For those of you with the desire to replace the dash in your 924 or early 944, the cost of the recovered dash is about $550. Considering that the factory units are advertised for between $800 and $1,100, the recovered dash makes a lot of sense. Just Dashes uses a complete vinyl overlay on all the vinyl dashes it dies. This is a piece with a woven backing that resists shrinkage. The factory takes a thin vinyl overlay and molds it to the contour it needs in a hot mold. There is no strength in the factory overlay, which is why the dash is susceptible to shrinkage and heat damage.
For our project, we used a 1978 924 with a Mocha Brown interior, which presented the possible problem of an incorrect color match. The vendor recommended that we send a core for rebuilding, so I went to a local dismantler and obtained a 1984 944 dash. The dashboards are physically the same. It took about eight weeks to get the dash back from the vendor. Onces it was back, we compared the color match and the grain and could find almost no difference between the orignial finish and the recovered dash.
For those who are terrified at the prospect of replacing their dashboards, it is important to note that no special talent is required - just patience, some basic tools, and a day without interuption. Other good things to have around are a note pad and a Polaroid or a digital camera to record things like connections, the position of wires, and other details for assembly reference.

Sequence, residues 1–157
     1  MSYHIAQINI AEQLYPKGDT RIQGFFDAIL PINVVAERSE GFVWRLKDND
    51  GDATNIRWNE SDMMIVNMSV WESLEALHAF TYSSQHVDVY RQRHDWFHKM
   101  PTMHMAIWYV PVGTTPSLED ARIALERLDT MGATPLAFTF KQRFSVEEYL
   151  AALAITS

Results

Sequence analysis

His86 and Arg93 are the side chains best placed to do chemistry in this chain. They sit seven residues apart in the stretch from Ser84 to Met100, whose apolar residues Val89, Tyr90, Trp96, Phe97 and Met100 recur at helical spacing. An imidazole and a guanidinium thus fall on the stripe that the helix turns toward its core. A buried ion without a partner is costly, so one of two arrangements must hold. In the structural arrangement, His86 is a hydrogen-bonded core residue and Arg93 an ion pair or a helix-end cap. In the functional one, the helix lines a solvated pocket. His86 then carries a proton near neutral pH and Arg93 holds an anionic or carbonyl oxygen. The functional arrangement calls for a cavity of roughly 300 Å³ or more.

After receiving the recovered dash, I began preparations to remove the old dash. The first order of business is to disconnect the battery. Do not attempt to do this job with the battery hooked up because there will be loose wires everywhere while the job is in process. The next step is to remove the windshield post covers. There are a couple of plastic plugs that must be removed; it is a good idea to have a storage spot for these small pieces. The uppermost screw on these covers is at an almost vertical angle. It'a Phillips screw and you'll have to fish around for it. Once the two screws on each side are removed, gently pry each cover off the post, top first. Wiggle them out and off. You will then see a metal bracket with another Phillips screw near the base of the post. This is one of the dash mounting brackets, though it's not time to remove it.